No Input Detected
I like computers. For the most part, they have made our lives and work easier. However, there are days when something goes wrong whereby they become a source of great frustration. Computers have several components, one of which is the monitor. It’s what you are looking at right now reading this blog post (unless you are reading it on a phone or tablet). If you are looking at a monitor connected to a desktop computer, then you are using some sort of cable to transmit the signal. When that cable is not hooked up or is defective you will get a screen that says….
No Input Detected!
I was in a church service one morning when the projector being used displayed this on the screen because something had gone wrong with the computer. I immediately had the thought that some people are like this. Truth be told, sometimes I have been like this.
No Input Detected!
What do I mean? Sometimes we talk about things we have no clue as to what we are talking about. We do this to make ourselves look more important, or to make ourselves sound smart. In this case, when we talk about things we don’t know anything about, there is “no input detected.” Others around us will usually pick up on the fact that we don’t know what we are talking about.
Sometimes we criticize other people, judging them for their actions before we know the whole story. Once we have the whole story, often we find out that we were wrong about the situation. Recently, that happened to me. I was at a meeting, expecting to see a particular person there. I was a little disappointed that they didn’t come. Later I was told that one of their close relatives had just passed away. That input made all the difference. My initial disappointment was based on “no input detected.”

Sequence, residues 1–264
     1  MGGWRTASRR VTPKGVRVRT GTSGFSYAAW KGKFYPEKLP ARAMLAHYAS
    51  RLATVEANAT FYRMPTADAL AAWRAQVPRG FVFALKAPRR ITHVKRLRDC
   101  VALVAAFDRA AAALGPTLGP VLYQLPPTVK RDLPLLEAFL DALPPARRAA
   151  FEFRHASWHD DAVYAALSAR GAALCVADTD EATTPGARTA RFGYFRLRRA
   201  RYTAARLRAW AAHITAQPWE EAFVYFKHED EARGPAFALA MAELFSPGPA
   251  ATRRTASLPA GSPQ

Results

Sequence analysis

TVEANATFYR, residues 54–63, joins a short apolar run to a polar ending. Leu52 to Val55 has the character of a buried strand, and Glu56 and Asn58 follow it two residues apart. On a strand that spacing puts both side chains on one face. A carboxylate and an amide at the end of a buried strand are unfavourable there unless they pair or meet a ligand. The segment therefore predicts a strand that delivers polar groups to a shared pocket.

Being a pastor, I have listened to a lot of sermons and teachings in my lifetime. Some preachers really know their stuff, it’s evident that they have studied the Bible and know their topic very well. On the other hand, I have heard some preachers that say a lot without saying anything. It’s clear to me that they don’t know their stuff, that they haven’t studied the subject they are trying to teach on. I am not judging here because I have had a few sermons like that myself.
As a Christian communicator, who is trying to help people understand the truths of the Bible, who Jesus is, and what God desires from us – it’s critical that I know my stuff. It’s critical that I get the proper input. That comes from the Holy Spirit. He is the teacher sent to us by our Heavenly Father to guide us into all truth.
He will do that through our personal reading of books, the Bible and through prayer. He is the input we need in order to teach well.
But, he also is the input we need when dealing with people. If we are to learn to be attentive to him in our relationships, work environment, and day to day activities our lives would go much smoother and be all the meaningful. He is the input needed in our lives. He is the connection to the heart of the Father.
The Bible teaches us that the Holy Spirit knows the mind of God and the things of God (1 Cor. 2:10-11). It teaches us that he will bring to our remembrance the teachings of Jesus (John 14:26). It tells us that we can be led by him, but that leading is our choice and our submission (Romans 8:14). It’s not a forced thing.
He is the input needed. And when that input is not detected people around us will know. I’ve been around people that I can tell have a relationship with the Holy Spirit. You can just feel God coming off of them. You can hear his wisdom and instructions in their words. You can see it in their eyes. You can tell that the “input” is there.
As much as I hate to say it, there are others who claimed to be connected but if there was a sign above their head, it would read . . . no input detected.
How about you? Can people tell that the Holy Spirit is giving you input? How about me? I have to ask myself this very question. Excuse me, while I go spend some time in prayer making sure my connection is secure for today. I don’t want anyone I come in contact with today to say, “no input detected.”